Last Updated 21 Apr 2020

Bruce Dawe Speech

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The poem ‘Life Cycle’ traces the life of an Aussie Rules Football supporter from birth to death – hence the title ‘Life Cycle’. ‘Life Cycle’ essentially explains that you are born and raised in a house with a family who influence your every move and important lifestyle choices. Dawe demonstrates how something as simple as sport can be more important throughout a person’s entire life Poetry expresses an individual’s most intense emotions in the least amount of words.

In the poems ‘Enter Without So Much As Knocking’ and ‘Life Cycle’ Bruce Dawe expresses what the true Australian perspective is in his straight forward way of telling people what living in Australia is like. Dawe highlights Australian society in the 1960’s in his poem ‘Enter Without So Much As Knocking’ through its episodic structure, simple colloquial language and a combination of the figurative techniques to address the increased commercialism and apathy in the 1960’s. Dawe writes of a rapid trip through one man’s life from birth to death and seems to emphasise a life with little meaning. nd shared by everybody whose lives basically revolve around football. Another way Dawe shows the perspective that Australians love sport is his use of biblical allusion, showing that football supporters form their own religion or covenant as represented in the poem by stating “and the covenant is sealed”. Another method of proving how passionate Australians are about their love for sport is by ANZAC allusion. Comparing players to soldiers and warriors highlight the level of respect that they are shown to have for their beloved football club.

Thus, the poem is a light-hearted look at the importance of football to the Victorians. than religion, so much to even say that it replaces it. He explains, through the constant use of colloquialism, that some Australian families have sport engraved into their daily routine and use it to bond with each other. “Oohh you bludger” is an accurate example of this because it is a kind of slang that is learned from the family as a child There is a laconic rather cynical tone that pervades this poem; life is gone before you know it.

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The Latin caption at the top translates to the grim reminder that we will all die – “remember, man that thou art dust, and unto dust shalt thou return. ” This suggests that ‘we are all mortal and therefore, whatever striving we do, there are larger questions that the striving should be related to, and that striving just out of sheer, blind self interest is very destructive striving. ’ He presents life as standardised, commercialised and rather predictable and unappealing. This is an episodical poem that stereotypically deals with an average ‘him’. He’ as observed by Dawe is born in his mother’s arms and remains innocent, but tainted by society. The title is a metaphor for people who barge through life without taking the time to think about whom they are and what they are doing. Whether it is members of a team, or fans cheering for a certain team, sports have always bonded people of different backgrounds together with a common goal. The way players participate in a sport and interact with team members helps to build the players self-identity. Australians and their love for sport is a perfect example of this.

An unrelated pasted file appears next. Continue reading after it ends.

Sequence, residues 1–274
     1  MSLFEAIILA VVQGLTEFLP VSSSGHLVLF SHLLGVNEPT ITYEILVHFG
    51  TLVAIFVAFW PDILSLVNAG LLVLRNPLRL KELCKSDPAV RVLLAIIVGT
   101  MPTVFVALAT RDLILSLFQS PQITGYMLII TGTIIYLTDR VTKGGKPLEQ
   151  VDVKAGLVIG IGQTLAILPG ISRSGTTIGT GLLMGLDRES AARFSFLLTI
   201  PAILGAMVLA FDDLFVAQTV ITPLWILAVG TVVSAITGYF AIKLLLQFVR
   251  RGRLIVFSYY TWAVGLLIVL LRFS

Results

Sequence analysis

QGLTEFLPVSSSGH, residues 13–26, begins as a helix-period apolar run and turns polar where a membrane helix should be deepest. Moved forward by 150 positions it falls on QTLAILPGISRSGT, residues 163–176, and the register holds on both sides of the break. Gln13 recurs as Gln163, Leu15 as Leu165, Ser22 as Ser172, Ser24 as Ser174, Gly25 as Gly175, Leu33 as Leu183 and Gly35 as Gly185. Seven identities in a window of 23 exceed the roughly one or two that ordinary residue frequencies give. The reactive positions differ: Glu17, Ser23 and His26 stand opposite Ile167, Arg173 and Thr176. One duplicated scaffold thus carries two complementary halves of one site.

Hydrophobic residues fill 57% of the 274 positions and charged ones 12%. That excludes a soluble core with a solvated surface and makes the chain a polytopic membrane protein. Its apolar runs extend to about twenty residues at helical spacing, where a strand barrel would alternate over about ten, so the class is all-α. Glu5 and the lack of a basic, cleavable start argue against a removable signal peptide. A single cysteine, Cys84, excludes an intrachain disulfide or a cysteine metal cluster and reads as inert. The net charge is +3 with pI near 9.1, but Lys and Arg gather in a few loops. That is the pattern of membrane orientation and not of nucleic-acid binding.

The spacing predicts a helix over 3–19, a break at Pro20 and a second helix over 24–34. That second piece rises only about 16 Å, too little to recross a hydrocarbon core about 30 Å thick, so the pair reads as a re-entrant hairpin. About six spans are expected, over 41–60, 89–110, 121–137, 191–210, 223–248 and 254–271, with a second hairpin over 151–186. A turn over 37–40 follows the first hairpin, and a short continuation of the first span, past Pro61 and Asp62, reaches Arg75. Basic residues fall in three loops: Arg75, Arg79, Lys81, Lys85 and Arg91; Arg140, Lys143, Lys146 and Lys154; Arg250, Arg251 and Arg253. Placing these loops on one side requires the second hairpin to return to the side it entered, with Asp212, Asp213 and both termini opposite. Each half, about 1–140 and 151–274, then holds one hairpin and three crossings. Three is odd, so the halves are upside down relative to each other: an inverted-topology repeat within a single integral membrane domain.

Bruce Dawe presents what he thinks the Australian perspective is in his poems. He implies that Australia lives through sport. That sport is a religion and is worshiped. That sport is in every true Aussies life from birth to death yet he also pushes the perspective that there is something wrong with 1960’s Australian society. Thank you. They are born into their love for a team or sport and follow it their entire life. Many different sporting events or themes are used to bring complete strangers together and in doing so, help improve the way people see each other or themselves.

Sports are events that have been around in some form or another for many years. Throughout time, they have gradually evolved into their current state, and will surely continue to be around for years to come. This is because they always have, and always will be a positive influence on society and individuals. One positive factor of sports is the fact that they draw people together. The perspective that Australians love sport is very obvious and correct because it is shown in so many ways, like sport campaigns at chools, at working or any number of things. Bruce’s Dawe’s poem ‘Life-Cycle’ proves this. Dawe seems to be saying there is something very wrong with a society that insists that material things, and the pursuit of money to afford them, are important. The lengthy description of what isn’t in the grave is intended to make the realistic point that none of those things are ultimately of any importance. Fledged member of the rat-race, obsessed with status, completely insincere, selfish and ruthless Ironically, Dawe’s comments are very realistic.

After the man’s death, Dawe continues the attack on a society obsessed with appearances, even to the point where the reality of death is glossed over and prettified. The body of the poem seems to attack the sort of consumer society that twentieth century man is obsessed with. It deals with, and follows the life of one representative of this type of society, and shows how from birth he is conditioned to accept the materialistic standards of this society. When the boy has become a man he has lost the quality of wonder and become another fully

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